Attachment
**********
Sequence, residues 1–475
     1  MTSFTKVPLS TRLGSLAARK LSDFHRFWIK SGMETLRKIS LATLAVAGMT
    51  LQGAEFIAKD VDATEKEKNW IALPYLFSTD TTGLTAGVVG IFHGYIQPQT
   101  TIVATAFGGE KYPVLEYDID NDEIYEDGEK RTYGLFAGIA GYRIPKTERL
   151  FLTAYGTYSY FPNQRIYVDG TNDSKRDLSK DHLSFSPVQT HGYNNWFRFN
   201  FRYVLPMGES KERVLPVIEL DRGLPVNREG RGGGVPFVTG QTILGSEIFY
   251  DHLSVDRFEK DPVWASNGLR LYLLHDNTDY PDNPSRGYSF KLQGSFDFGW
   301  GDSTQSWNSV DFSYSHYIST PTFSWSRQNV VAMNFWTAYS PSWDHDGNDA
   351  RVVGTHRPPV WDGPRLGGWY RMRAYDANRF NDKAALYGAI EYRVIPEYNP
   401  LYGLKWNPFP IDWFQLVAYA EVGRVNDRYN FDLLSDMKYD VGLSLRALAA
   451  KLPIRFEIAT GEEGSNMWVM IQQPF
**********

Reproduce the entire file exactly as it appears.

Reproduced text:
Sequence, residues 1–475
     1  MTSFTKVPLS TRLGSLAARK LSDFHRFWIK SGMETLRKIS LATLAVAGMT
    51  LQGAEFIAKD VDATEKEKNW IALPYLFSTD TTGLTAGVVG IFHGYIQPQT
   101  TIVATAFGGE KYPVLEYDID NDEIYEDGEK RTYGLFAGIA GYRIPKTERL
   151  FLTAYGTYSY FPNQRIYVDG TNDSKRDLSK DHLSFSPVQT HGYNNWFRFN
   201  FRYVLPMGES KERVLPVIEL DRGLPVNREG RGGGVPFVTG QTILGSEIFY
   251  DHLSVDRFEK DPVWASNGLR LYLLHDNTDY PDNPSRGYSF KLQGSFDFGW
   301  GDSTQSWNSV DFSYSHYIST PTFSWSRQNV VAMNFWTAYS PSWDHDGNDA
   351  RVVGTHRPPV WDGPRLGGWY RMRAYDANRF NDKAALYGAI EYRVIPEYNP
   401  LYGLKWNPFP IDWFQLVAYA EVGRVNDRYN FDLLSDMKYD VGLSLRALAA
   451  KLPIRFEIAT GEEGSNMWVM IQQPF